June 4, 2019, 11:09 AM · You could try an auction but you would need to bring someone very knowledgeable to you to vet your selection(s), or buy privately from a musician.
June 4, 2019, 11:42 AM · Auction is much more risky than Craigs list where you can actually play the violin before purchasing, you're more likely to fall into a repair nightmare with an auction violin that with Craigs list IMHO
June 4, 2019, 1:21 PM · I've been pleasantly surprised by the Carlo Lamberti Sonata (SHAR in-house brand) violin that I impulse bought when it showed up on their clearance page a few months back. They retail new for $550. As has been mentioned above, a shop like SHAR will allow you to trade in an instrument as you want to move up. Many shops have this policy.

The point at which the quality of one's playing is more about the player than the instrument is a topic that has been beaten to death on this forum and elsewhere, but I tend to think that that point comes at a relatively low price point. In other words, a $700 violin (or less) isn't going to hold you back. It really isn't.

Edited: June 4, 2019, 2:00 PM · hi Lyndon, yes i'm located in nyc, i been to one shop so far, and tried 3 violins there, all 3 of them offered better playability when i found the notes for couple bach and especially mozart concerto 5 came off alot cleaner and sharper than my current violin, out of 3 of these 1 particularly stood out, however i felt he def marked some of these up when the store owner set the price of all 3 at exactly 650.

i'm a bit wary of going to auction cause i really don't believe i have the expertise and the friends i do have who are violinists, their time is precious (one of them is actually a professional soloist and performed at carnegie hall) so unfortunately i believe this is a solo endeavor.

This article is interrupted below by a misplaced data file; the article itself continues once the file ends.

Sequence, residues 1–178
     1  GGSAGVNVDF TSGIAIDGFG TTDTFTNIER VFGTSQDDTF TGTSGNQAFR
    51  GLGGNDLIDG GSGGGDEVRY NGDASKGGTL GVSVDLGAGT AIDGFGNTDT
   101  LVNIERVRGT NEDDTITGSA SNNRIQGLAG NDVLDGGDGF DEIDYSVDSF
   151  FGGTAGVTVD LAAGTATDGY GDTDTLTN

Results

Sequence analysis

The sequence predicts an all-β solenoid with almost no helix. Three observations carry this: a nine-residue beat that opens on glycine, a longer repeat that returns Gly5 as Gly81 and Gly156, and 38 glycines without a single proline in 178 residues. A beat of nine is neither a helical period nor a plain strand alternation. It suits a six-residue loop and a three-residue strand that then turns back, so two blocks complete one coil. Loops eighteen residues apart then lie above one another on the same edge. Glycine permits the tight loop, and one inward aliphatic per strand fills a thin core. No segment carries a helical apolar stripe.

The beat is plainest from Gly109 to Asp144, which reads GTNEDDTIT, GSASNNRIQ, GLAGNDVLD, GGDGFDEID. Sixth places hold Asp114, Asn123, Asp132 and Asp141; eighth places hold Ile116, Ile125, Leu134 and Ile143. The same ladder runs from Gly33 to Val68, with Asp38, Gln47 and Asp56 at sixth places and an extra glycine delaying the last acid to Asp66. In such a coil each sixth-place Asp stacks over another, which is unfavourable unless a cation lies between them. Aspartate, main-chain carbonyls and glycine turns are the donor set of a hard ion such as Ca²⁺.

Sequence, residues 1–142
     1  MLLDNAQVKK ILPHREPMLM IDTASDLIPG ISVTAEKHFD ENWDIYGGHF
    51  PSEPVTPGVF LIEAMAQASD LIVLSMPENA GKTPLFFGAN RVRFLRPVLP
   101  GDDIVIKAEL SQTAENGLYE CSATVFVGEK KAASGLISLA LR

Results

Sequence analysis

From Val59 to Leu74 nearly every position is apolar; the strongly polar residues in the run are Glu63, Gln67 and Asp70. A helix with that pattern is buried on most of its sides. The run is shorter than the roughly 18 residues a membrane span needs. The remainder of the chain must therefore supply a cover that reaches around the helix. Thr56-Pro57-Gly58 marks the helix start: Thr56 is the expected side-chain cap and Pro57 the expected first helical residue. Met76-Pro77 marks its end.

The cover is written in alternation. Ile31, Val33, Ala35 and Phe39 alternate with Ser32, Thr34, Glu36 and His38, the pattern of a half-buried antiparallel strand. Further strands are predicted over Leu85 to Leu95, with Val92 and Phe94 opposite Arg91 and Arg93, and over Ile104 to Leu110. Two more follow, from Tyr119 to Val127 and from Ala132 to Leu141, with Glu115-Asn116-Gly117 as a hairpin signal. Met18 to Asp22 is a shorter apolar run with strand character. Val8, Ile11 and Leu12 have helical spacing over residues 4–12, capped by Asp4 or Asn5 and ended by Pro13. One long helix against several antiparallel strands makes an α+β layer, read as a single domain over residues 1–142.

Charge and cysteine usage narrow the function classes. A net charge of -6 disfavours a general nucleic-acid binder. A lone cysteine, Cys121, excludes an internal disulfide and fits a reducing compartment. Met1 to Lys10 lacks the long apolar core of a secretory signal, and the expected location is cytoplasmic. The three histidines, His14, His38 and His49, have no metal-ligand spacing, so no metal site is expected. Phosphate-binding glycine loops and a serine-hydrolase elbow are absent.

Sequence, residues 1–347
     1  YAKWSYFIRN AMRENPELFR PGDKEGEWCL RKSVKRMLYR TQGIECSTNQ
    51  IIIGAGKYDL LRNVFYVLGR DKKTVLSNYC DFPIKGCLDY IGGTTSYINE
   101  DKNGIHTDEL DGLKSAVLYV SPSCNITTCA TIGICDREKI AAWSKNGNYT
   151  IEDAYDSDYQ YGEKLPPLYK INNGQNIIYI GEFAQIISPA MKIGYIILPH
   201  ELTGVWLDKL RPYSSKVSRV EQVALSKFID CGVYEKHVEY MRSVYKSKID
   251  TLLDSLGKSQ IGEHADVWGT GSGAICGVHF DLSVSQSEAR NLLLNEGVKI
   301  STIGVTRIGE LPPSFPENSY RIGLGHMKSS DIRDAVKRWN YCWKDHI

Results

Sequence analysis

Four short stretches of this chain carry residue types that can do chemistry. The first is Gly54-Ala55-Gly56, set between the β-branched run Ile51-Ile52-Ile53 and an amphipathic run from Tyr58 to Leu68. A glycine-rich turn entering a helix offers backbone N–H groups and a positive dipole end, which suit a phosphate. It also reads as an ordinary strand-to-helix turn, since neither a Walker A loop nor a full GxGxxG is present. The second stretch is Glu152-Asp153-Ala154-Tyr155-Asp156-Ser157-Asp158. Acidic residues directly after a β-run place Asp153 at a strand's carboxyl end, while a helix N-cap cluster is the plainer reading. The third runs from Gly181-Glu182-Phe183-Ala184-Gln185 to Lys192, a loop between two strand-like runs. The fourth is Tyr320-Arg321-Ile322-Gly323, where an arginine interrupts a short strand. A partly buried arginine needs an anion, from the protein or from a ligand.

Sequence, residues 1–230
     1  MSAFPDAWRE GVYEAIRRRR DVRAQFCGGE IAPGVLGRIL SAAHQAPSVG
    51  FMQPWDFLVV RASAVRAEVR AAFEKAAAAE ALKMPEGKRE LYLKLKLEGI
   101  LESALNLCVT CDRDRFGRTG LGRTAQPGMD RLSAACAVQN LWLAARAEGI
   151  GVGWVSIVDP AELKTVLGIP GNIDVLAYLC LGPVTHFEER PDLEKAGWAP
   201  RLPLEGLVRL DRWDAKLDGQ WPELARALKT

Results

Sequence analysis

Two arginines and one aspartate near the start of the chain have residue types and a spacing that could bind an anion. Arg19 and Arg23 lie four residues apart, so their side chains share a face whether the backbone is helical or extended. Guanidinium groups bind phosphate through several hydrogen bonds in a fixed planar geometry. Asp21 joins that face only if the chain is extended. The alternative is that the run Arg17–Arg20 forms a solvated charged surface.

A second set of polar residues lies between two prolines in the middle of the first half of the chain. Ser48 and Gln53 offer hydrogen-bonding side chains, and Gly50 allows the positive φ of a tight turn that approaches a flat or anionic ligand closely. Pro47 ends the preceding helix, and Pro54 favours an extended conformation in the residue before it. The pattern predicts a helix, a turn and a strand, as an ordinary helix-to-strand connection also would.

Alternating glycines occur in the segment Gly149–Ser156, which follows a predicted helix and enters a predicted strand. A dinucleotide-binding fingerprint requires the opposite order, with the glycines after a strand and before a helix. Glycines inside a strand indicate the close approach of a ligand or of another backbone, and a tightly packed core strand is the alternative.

James Steven, i actually did check out kennedy, their g2 is within my price range and i was inquiring to them about a german trade but unforunately that talk fell through when they discovered that particular violin had a unrepaired crack. but they are definitely on my list.

i have also contacted couple other violin shops and unforunately their starting price is 1500+, the spokeperson at one of them i spoke to recommended i try sam ash.

other than that i learned couple other places who does have it in my price range import the violin from china and set it up professionally,

Edited: June 4, 2019, 1:59 PM · Have you considered the Jay Haide model 101? I think that one retails for $700 and I've heard is a decent workshop instrument for students. Plus they are sold at many dealers, and certainly sold in NYC.

I have not any personal experience with this particular model, but I have played their L'Acienne pattern instruments and they are actually pretty good dollar for dollar.

Additionally, doing it retail at a luthier instead of an auction means any outright problems with the instrument can be fixed with little to no charge at the place you bought it from.

June 4, 2019, 3:19 PM · "out of 3 of these 1 particularly stood out"

so the obvious thing to do is get that one.